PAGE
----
A group of artists and musicians gathered in a small vintage record shop in Crown Heights, Brooklyn last Thursday to connect the younger generations with the old through a celebration of music.
The group was small but lively and steadily growing with each week. The shop, which is filled with antiques, cultural items, clothing, posters and over 30,000 vinyl records, collected and preserved for over a decade, houses a weekly artist mixer every Thursday.
The Symphony Music Record Shop located on 791b Crown Street in Brooklyn, opened its doors in November of 1999. The founder, Jamaican-born Bruce Thompson, came to the United States as a teenager to make a life for himself like so many other young men and women from the Caribbean. From a young age, Thompson worked hard for what he wanted in life and had humble beginnings as a delivery boy for his mother who worked as a baker. After coming to the United States, Thompson pursued his love of music and eventually released a song with popular Jamaican reggae and dancehall artist, Johnny Osbourne, before opening his own record shop.
Thompson instilled the importance of hard work and a solid work ethic in his daughter Jewel Deshong and she is currently following in her father’s footsteps with a business of her own.
“Being the younger generation, we have to open the doors for other people. I have to make the change because it actually is my turn and I can’t let it go,” Deshong said.
During the holiday seasons and around Christmas time, Deshong’s mother Ruta Thompson, would decorate the shop with branches adorning unique shapes from the park and create her own Christmas trees. All year round, the shop is a place of creativity and wonder. “The Park used to have branches and wood stumps all over so I thought it would have been fun and different,” she said. It was important for her to keep the shop growing and changing with the times while staying true to their heritage.
Growing up in the shop and witnessing her parents work hard to own their own business, as well as exercising creativity through art and music was a critical part of Deshong’s life.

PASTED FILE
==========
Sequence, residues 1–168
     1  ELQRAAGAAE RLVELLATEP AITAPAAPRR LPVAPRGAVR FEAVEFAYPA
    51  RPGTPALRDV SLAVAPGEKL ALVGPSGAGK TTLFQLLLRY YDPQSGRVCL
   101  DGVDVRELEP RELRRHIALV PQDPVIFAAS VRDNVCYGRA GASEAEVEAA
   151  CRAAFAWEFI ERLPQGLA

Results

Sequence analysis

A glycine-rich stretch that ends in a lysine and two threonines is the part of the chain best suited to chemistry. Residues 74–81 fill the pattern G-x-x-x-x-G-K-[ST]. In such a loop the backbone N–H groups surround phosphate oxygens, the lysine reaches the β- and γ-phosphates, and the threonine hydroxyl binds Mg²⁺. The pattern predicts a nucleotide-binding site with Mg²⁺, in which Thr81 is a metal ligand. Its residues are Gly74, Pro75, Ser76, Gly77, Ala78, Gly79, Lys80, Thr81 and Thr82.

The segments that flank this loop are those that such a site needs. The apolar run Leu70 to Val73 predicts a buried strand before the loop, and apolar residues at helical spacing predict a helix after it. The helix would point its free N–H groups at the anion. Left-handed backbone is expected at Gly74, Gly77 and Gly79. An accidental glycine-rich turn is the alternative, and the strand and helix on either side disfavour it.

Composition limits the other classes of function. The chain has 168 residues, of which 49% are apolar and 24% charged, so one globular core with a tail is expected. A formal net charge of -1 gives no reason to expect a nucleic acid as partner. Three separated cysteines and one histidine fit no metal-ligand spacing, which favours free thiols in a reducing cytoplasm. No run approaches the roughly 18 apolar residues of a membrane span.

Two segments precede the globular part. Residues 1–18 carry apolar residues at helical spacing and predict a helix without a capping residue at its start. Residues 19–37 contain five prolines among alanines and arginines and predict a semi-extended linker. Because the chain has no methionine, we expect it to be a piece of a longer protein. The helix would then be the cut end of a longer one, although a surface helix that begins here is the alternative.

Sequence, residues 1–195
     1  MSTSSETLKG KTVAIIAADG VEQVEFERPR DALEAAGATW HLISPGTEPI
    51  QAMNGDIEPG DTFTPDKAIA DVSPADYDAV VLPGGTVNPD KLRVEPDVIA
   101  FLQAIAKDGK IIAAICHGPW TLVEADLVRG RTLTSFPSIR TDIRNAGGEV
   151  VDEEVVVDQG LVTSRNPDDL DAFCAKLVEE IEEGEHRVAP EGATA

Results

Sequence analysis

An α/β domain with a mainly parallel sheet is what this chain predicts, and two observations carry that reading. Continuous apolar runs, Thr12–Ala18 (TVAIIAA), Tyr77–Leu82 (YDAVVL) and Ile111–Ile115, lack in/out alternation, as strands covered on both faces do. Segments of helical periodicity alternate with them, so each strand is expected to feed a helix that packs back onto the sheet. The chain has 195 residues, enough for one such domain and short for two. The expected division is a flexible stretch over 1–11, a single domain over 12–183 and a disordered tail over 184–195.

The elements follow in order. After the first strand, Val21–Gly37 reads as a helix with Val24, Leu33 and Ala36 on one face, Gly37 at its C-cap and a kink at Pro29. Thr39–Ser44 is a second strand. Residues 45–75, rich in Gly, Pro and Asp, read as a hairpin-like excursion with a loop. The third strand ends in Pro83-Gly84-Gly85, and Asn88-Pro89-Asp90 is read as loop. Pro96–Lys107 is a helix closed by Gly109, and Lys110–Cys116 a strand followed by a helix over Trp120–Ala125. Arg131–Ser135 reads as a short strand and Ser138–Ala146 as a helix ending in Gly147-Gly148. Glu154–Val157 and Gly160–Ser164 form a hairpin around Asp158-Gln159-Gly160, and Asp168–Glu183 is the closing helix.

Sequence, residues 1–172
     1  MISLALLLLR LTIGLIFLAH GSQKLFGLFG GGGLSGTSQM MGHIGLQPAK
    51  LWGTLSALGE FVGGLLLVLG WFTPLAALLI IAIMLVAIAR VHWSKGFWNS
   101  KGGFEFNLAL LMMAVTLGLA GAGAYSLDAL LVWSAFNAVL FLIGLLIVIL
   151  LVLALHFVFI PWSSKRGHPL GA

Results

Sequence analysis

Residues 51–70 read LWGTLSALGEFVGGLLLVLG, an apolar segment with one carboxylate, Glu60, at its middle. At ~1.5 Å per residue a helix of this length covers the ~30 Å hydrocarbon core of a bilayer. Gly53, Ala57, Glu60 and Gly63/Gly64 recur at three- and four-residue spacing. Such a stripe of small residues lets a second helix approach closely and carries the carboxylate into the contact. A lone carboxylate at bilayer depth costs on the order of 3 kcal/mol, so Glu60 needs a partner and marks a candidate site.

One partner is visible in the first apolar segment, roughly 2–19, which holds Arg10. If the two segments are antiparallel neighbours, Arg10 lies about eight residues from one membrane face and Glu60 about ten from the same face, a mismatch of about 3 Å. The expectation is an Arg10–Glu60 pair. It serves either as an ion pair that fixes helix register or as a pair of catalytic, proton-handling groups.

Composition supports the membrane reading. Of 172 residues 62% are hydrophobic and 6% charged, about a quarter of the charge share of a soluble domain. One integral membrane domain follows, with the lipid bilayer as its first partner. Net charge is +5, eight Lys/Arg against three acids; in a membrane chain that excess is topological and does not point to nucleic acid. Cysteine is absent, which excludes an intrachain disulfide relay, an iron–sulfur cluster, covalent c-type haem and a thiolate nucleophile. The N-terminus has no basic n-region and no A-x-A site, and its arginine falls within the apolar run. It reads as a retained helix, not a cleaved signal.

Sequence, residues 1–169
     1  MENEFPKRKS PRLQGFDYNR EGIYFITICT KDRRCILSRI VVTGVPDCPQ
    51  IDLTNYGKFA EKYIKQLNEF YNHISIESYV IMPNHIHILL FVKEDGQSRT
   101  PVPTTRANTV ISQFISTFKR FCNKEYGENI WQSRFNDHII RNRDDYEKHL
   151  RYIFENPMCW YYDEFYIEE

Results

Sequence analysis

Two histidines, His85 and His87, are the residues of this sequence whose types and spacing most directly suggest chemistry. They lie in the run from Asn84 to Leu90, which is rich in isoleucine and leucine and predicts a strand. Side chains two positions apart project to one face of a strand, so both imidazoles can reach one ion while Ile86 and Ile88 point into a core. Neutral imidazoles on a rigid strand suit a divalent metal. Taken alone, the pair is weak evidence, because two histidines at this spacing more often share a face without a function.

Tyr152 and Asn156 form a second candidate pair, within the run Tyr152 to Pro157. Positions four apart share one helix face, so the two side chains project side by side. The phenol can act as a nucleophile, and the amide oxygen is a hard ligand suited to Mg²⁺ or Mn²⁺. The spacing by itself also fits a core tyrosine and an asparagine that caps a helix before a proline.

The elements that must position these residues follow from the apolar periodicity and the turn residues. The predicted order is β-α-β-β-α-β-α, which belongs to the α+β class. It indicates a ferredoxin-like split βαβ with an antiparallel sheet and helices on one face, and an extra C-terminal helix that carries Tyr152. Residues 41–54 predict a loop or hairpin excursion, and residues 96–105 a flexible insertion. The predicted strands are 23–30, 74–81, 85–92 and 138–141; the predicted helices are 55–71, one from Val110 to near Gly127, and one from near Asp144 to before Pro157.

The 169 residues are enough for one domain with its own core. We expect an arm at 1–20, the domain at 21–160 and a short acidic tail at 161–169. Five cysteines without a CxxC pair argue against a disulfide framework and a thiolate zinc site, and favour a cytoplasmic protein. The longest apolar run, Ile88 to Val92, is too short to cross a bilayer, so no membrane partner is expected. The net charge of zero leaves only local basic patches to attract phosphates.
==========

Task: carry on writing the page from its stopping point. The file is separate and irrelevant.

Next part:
Naturally, it was her idea to bring weekly artist mixers to the shop each and every Thursday in order to keep her family’s business thriving and also to support other artists. After finding herself turned away and discouraged by other shop owners who never gave her the opportunity to display her handmade jewelry and trinkets, she utilized the record shop to create a platform for herself and other artists like her.
Vanna Sylvestre was born and raised in Flatbush, Brooklyn and found herself stepping foot into the Symphony Music Record Shop for the first time about five years ago during the summer.
She said she was in awe of their display of the heavy influence of Rastafarian culture.“Just looking at their view on reggae culture and different cultures through music. I got everything, like a history lesson,” Sylvestre said.
Sylvestre and Deshong have been best friends for over five years and both women said they recognize the value of preservation of culture and supporting familyowned businesses especially now in Brooklyn where things are changing and being more and more commercialized.
Deshong has taken on the artistic name, Vintage Jewel, which is a representation of her ability to connect the young with the old through her family business. And Sylvestre has taken on the task of helping out her longtime friend by promoting the shop whenever she can.
“This is not going to be here forever. I need this to be here forever,” said Sylvestre.